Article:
A number of peers have called for the government to transform the way in which children’s palliative care is planned, funded and provided in England.
On Tuesday (14 March), several peers called on the government to make sure that NHS commissioners and local authorities are aware of their responsibilities to children and life-limiting and life-threatening conditions during a House of Lords debate. This was secured by Crossbench peer Baroness Finlay of Llandaff, who called on the government to set out how it will implement the recommendations made in ‘Our Commitment to you for end of life care The Government Response to the Review of Choice in End of Life Care’.
During the debate, peers including Liberal Democrat Work and Pensions Spokesperson Baroness Bakewell, Lord Judd (Labour), Lord Suri (Conservative), Baroness Wheeler (Labour) and Lord Carlile (Vice-Chair of the new All-Party Parliamentary Group for Children Who Need Palliative Care) used their speeches to highlight the challenges facing children with life-limiting and life-threatening conditions, their families and the services that support them. Their speeches referred to:
- our campaign to extend DLA mobility benefits to children aged 0-3 who must always be accompanied by bulky medical equipment and/or need to be near a motor vehicle in case they require treatment for their condition
- the National Institute for Health and Care Excellence (NICE) recommendation that children’s palliative care managed clinical networks should be established
- a ‘worrying lack of consistency across commissioning groups (CCGS)’, as identified in our commissioning maps of children’s palliative care ~LINK HERE TO INFLUENCING POLICY PAGE
- the need for CCGs to recognise and fund services delivered by voluntary sector children’s palliative care organisations
Baroness Wheeler spoke of the lack of funding for children’s palliative care charities and stated that she hopes ‘that that the Government will undertake to work with charities such as Together for Short Lives to produce guidance for CCGs that outlines best practice and makes their responsibilities clear’.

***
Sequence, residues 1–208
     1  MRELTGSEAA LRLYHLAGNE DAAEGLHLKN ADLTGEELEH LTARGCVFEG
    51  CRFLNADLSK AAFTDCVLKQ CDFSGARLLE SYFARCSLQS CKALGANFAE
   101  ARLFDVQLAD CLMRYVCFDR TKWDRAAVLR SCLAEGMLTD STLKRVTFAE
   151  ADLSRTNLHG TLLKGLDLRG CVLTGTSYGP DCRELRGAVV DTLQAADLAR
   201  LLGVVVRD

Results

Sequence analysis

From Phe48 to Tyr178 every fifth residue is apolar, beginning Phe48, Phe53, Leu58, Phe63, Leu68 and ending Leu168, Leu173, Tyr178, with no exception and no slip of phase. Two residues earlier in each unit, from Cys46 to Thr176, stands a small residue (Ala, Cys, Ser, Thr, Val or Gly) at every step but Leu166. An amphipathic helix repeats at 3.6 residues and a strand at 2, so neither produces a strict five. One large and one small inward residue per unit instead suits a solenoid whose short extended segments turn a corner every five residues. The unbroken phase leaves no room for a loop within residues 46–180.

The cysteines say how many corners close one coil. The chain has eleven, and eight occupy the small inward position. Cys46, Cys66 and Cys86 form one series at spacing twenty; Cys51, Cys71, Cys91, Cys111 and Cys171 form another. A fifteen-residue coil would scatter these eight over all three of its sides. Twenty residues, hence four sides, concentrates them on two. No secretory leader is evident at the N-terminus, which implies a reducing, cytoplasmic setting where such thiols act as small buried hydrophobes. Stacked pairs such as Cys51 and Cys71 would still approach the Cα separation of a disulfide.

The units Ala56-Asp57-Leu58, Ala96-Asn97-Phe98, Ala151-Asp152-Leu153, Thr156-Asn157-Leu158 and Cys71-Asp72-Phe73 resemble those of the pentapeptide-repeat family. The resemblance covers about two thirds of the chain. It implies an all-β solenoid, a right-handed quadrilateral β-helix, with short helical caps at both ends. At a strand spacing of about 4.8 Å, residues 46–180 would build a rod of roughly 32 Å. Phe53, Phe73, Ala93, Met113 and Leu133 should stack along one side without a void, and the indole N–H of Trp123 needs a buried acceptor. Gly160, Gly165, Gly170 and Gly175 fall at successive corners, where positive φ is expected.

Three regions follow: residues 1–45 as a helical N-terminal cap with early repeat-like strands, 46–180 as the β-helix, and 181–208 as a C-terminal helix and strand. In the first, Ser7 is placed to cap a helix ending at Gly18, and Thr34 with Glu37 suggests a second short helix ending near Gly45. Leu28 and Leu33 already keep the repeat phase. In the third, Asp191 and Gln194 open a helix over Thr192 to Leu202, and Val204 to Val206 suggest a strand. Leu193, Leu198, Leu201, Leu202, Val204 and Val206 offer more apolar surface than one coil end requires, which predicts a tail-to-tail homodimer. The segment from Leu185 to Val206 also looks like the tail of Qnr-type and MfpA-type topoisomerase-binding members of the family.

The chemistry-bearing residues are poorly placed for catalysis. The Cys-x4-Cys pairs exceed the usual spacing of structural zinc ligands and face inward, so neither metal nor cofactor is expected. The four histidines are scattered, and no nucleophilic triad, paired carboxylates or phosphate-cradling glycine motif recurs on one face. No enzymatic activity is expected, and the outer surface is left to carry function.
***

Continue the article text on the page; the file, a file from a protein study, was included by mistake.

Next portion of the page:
Responding on behalf of the government, Lord O’Shaughnessy, the Parliamentary Under Secretary of State for Health, stated that he agreed ‘with all the noble Lords about the importance of palliative care for children’. He said that the £11 million children’s hospice grant, which is distributed between children’s hospices in England, is designed to support charities ‘on top of what clinical commissioning groups do’.
Responding to the debate, Barbara Gelb OBE, Chief Executive of Together for Short Lives said:
“It is clear that peers are determined to support children with life-limiting and life-threatening conditions and to address the postcode lottery of children’s palliative care commissioning.
Children who need palliative care – and their families – rely on a wide range of professionals and services. It is simply not fair that children in some areas are unable to access services such as out-of-hours community children’s nurses which support them to be cared for at home.
We are hugely grateful to Baroness Finlay for tabling the debate last night and to all the peers who took part. We will follow up the issues raised with ministers and we hope that the government will listen to Baroness Wheeler’s calls for them to work with us to produce guidance for setting out their responsibilities for commissioning children’s palliative care.”
You can read the briefing which we provided to peers ahead of the end of life care debate here.
A full transcript of the debate is available here.
A video recording of the debate is available here.